“I love this part of town,” says Delphine Ninous when we meet at her house in Canonbury, London. “I can take my son to the park just aorund the corner but there are also cool bars and restaurants nearby, so I have the best of both worlds.” The French designer moved to London after joining Belstaff four years ago, and since taking over as creative direction in 2016, she has reinvented the British luxury brand, once synonymous with men’s waxed cotton and leather motorcycle fear, in to a label that is just as relevant for female customers today.
Growing up in Paris as an only child, Ninous would join her mother on trips to the city’s museums and galleries. “One of my first memories of an exhibition at the Palais Galliera celebrating the couturier Paul Poiret,” she says. “It was full of beautiful materials and striking shapes that left a lasting impression on me.” She knew she wanted to be a designer when she was 6, and was able to jump ahead a year at school thanks to her artistic talents.
“I’ve always loved drawing clothes, although at that age it was mostly princess dresses,” she says, laughing. After secondary school, she enrolled at the prestigious fashion design college, Atelier Chardon Savard, before a challenging first job at Christian Lacrois. “It wasn’t easy,” she says, “because the mentality in Paris fashion houses is tough – no one explains anything to you. If you survive, it means you’re good.”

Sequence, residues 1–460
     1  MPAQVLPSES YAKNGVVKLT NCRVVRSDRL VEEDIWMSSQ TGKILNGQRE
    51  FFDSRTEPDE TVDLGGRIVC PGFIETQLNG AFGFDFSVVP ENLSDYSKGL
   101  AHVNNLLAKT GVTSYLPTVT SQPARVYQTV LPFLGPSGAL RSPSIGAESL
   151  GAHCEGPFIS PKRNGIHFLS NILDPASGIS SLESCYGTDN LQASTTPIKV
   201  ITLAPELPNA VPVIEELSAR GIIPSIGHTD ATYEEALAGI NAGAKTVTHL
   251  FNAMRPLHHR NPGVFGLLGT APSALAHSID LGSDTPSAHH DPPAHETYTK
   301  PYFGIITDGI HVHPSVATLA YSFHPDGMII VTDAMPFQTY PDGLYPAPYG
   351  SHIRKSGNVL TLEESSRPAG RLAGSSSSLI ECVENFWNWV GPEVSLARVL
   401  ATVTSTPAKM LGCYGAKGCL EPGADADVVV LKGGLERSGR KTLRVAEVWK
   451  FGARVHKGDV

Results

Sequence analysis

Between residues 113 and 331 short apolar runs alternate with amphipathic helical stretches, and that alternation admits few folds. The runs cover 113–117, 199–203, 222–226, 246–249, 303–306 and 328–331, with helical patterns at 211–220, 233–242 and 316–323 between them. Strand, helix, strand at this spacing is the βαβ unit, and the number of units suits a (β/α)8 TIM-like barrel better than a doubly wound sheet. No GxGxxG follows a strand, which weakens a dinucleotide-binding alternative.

Not only did Ninous survive, but she went on to thrive: at Isabel Marant, Diane Von Furstenberg, Comptoir des Cotonniers, and Paul & Joe, before joining Belstaff as head of womenswear. After spending time in the archives delving into the brand’s 94-year history, she set about feminising the women’s line, softening fabrics and the silhouettes, while also staying true to its DNA. “One of the first things was to identify the Belstaff woman and to give her a voice,” she says. “Of course, she can ride a motorbike, but it’s not just about motorbikes; it’s mroe about the adventurous spirit that biekrs have, and the pursuit of freedom.”
Accepting the job also meant moving to London for the first time, where she now lives with her boyfriend and their 18-month-old son Victor. “I lived in New York when I was working for DVF, but London is great because it has the same energy but also a sense of culture that I felt was missing there.” The house is a treasure trove of vintage 1950s and 1960s pieces, some from her old apartment in Paris, including an ornate mirror that she spotted at Clignancourt flea market, and several eBay finds. “I love this house because it’s easy to invite lots of friends over for dinner, and the living room is a cosy spot to read a book or have an aperitif.”
In the upstairs hallway is an intriguing display of memorabilia, including a Serge Gainsbourg vinyl album, Aux Armes Et Cetera. “I’ve listened to Serge, Charlotte – the whole family really – since I was a child, and they have definitely influenced my style, along with other musicians like Patti Smith. I also love Romy Schneider; do you know her movie La Piscine? That’s my all time favourite.”
Ninous’s wardrobe holds an archive of labels she has previously worked for, mixed in with newer purchases – plain Acne shirts, bohemian dresses by Chloé, APC jeans, dainty gold jewellery from Monsieur Paris, and smart Céline trousers. She describes her own aesthetic as masculine/feminine: “I’m not girlie but I still like to be elegant. On a typical day, I’ll wear our Marving-T leather biker jacket over a silk shirt, or I’ll mixed tailored pieces with something delicate and soft.” But to everyone else she is the embodiment of effortless French style – the coveted je ne sais quoi.